26 April 2005

High-tech Women & Immigrants

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A European research team has been exploring the relationship between technological innovation and resulting socio-economic transformations, particularly in the employment and integration of women and immigrant workers

A European research team has been exploring the relationship between technological innovation and resulting socio-economic transformations, particularly in the employment and integration of women and immigrant workers.

Conducted in England, Italy and Sweden, the research discusses both the barriers to social integration of the above groups, and suggests how to overcome them. Stockholm’s high-tech companies are located in a small town called Kista.

All the best known brands in Europe, if not the world, can be found here which employ thousands of European white-collar workers. In contrast the surrounding towns are run-down immigrant areas - a far cry from the high technology of its neighbours.

Two separate worlds run alongside each other. The existence of two mutually isolated areas has drawn the attention of a European team of researchers, financially supported by the EU. For three years, from 2001 to 2004, the RISESI team (The Regional Impact of the Information Society on Employment and Integration) has been comparing the socio-economic conditions of immigrant workers, women, displaced industrial workers and potentially marginalized groups.

In order to bridge the gap between these two realities, the Swedish local and national authorities have decided to take action; action that targets children in their school years. Kista’s companies are also active in providing both financial and educational support. Their engineers, for example, visit schools to promote the benefits of scientific careers to teenagers.
A lot is at stake for these companies as the high-tech world is very competitive, and they need the best talent, without discrimination of sex and culture.

In addition, the current scientific population is ageing. The figures are dramatic; in ten years, 100,000 engineers will have retired, whereas only 10,000 students are currently in scientific studies in Sweden. The RISESI programme has incited schools in the immigrant area around Kista, such as Rinkeby, to start networking with a total of 60 universities and 300 companies.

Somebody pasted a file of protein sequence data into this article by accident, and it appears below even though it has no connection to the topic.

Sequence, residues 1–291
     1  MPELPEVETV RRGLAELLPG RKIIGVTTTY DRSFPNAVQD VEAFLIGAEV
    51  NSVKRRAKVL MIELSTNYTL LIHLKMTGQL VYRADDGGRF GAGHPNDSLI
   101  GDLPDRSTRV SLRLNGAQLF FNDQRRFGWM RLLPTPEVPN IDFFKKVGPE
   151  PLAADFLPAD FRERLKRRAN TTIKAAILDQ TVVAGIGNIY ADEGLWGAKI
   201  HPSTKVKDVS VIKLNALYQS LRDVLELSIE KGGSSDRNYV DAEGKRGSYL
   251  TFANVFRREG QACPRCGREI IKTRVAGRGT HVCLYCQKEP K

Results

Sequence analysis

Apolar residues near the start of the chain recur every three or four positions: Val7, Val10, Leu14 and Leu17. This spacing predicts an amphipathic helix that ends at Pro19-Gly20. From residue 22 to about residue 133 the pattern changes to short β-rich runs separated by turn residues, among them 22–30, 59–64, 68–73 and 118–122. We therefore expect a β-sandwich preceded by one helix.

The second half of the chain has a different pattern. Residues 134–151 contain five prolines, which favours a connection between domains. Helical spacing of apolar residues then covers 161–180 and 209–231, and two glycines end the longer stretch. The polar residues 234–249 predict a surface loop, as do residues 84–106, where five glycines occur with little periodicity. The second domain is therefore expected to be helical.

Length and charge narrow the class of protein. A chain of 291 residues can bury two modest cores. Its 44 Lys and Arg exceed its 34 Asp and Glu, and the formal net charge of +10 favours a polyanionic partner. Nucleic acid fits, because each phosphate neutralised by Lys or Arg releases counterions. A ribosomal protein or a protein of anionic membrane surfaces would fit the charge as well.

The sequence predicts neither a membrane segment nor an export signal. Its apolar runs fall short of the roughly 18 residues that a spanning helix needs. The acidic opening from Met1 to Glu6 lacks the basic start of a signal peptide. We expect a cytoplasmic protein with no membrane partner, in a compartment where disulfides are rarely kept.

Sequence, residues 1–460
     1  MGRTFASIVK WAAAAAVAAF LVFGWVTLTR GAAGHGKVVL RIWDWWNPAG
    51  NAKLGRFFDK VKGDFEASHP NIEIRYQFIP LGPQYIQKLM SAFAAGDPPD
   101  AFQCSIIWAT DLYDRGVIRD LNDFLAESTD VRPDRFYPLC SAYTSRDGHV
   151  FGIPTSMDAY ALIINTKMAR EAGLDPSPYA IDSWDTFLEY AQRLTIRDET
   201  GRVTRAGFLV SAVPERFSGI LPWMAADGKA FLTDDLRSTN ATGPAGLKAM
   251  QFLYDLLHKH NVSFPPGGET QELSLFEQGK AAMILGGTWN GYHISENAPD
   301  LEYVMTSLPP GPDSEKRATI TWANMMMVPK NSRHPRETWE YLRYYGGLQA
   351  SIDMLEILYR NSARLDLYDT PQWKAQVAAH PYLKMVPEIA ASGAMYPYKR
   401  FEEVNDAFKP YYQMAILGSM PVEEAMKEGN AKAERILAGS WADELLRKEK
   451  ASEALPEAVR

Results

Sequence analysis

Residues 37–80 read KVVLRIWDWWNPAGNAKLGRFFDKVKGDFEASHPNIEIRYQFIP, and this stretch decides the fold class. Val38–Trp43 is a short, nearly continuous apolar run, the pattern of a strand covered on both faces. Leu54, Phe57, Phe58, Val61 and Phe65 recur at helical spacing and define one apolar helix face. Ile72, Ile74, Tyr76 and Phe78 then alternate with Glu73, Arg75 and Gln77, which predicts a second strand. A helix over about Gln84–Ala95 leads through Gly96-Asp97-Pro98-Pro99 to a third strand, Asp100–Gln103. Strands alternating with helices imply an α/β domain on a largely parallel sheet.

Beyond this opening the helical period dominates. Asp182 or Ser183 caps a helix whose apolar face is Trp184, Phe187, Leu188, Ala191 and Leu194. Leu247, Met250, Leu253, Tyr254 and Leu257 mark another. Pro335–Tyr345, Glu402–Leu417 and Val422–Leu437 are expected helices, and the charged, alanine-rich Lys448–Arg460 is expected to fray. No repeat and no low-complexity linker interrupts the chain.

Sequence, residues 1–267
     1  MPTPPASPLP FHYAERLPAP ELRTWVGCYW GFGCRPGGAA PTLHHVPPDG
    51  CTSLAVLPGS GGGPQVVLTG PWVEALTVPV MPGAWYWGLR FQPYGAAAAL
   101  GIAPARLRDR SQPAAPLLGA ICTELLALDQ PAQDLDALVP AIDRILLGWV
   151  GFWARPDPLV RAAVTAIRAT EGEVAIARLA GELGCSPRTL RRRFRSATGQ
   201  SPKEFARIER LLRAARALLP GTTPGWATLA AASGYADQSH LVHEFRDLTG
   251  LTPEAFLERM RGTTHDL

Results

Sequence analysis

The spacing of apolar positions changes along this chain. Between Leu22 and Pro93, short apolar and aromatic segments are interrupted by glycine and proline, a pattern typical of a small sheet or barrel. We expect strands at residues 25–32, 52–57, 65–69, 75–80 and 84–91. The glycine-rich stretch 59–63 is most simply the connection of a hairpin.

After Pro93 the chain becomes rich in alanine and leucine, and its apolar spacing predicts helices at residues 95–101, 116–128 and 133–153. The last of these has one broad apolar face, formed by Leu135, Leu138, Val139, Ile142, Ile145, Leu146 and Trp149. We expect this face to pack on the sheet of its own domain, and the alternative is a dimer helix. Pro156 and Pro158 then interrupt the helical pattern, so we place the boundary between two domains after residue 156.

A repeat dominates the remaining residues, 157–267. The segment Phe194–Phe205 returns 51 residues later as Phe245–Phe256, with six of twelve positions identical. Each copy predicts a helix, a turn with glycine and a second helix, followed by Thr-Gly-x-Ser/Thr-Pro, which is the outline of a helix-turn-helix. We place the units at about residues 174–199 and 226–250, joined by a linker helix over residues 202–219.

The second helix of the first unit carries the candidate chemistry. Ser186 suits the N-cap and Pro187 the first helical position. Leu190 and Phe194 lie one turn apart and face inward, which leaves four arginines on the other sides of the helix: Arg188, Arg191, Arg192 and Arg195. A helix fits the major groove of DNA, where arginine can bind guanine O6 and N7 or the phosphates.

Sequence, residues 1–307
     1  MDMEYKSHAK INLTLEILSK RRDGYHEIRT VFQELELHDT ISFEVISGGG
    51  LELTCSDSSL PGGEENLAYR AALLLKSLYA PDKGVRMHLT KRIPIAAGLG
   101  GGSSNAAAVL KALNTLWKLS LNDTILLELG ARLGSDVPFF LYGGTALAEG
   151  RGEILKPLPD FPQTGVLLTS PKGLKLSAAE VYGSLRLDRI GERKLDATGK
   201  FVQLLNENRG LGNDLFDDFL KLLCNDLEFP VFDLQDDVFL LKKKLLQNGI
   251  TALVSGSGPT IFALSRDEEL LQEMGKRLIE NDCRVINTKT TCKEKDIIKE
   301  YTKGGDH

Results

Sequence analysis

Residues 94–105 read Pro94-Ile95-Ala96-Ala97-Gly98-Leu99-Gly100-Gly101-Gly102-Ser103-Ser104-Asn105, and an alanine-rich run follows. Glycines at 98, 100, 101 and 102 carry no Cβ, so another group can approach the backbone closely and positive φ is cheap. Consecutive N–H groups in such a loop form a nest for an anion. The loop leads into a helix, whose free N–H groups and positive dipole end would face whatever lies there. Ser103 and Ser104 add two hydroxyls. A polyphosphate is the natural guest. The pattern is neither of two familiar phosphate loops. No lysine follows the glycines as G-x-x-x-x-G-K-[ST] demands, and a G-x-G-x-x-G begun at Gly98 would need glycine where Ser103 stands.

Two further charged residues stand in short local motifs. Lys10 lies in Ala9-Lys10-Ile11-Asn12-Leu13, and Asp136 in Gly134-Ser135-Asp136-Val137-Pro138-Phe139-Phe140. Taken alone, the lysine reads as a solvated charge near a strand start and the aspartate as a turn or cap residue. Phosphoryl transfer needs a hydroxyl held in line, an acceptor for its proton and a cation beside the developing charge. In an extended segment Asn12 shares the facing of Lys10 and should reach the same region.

In the Upper Secondary School near Kisna most of the students have are foreign. This represents a potential pool of excellence as most of these boys and girls are bilingual, often speaking a language which is not commonly taught in Europe such as Persian, Hindi or Arabic.

These schools are supported both public and private institutions. That is why they can afford to provide every student with a wireless laptop to familiarize them with technology at an early age. By doing this, they hope to become a centre of Excellence to spur more students on to engineering studies. Both teenage boys and girls are being called to be part of the challenge. Some companies are changing their policy for recruitment and promotion so that more equality exists, and to encourage talent to be recognised in teenagers.

Women Wanted “When I studied, there were a lot of other females that were studying. But once you move into a professional environment and pursue a career their numbers decline. It’s hard for them to have a career because at a certain point they may choose to have children. The whole computer industry is competitive and if you want to make a career you have to be there continually to be able to create a career.

”This cruel scenario, depicted by Tom Stenström, an ICT engineer at Oracle, is unfortunately true. To combat this problem, Oracle Sweden’s management team has introduced a mentor programme for groups of 20 women that lasts 18 months. The second of these is currently running.

Erik Tegnér, Human relations Director at Oracle explains its goals - “… we encourage them to really understand their own aspirations and talents".

There are also similar programmes for immigrant workers. As Erik Tegnér says: “It’s so easy when you have a very homogeneous group that we all draw the same conclusions, which may not be the best solution. The more influence we have from several cultures, the more ideas that we have and the more we can challenge one another".

Universities too are responding to these new needs. For example, the famous KTH University has set up offices in Kisna to attract more young people and provide them with opportunities for study.

The less skilled are being offered one year of extra classes. Still only half of them succeed however. Hans-Göran IVARSSON, Teacher at the KTH University, confirms that: “Those who passed the bridging courses are very successful. They have learnt to study in an intense environment during this year so they are skillful".

On the whole, the Swedish government appears to be the most concerned about the involvement of the immigrant workforce. This is a key issue as foreigners represent almost 10% of population in Sweden - mostly teenagers. The question remains about how much the levels of integration of women and immigrants into this workforce are to change.

As Manijeh Taheri, ICT consultant, Oracle, of Iraqi origins, tells: “It was a great handicap to be a woman from a Muslim country. I used to make a joke that -I hope that my papers are not going to be in the trash as soon as you have seen my foreign name- And I knew it was exactly the case".

Research like that undertaken by the RISESI team aims to provide a methodology for national comparisons and further regional studies focusing on the organisation of labour markets in the information society. But above all, it aims to highlight the need for new recruits in the Science world, and to stress that one key solution lies in the integration of immigrant workers into this world.

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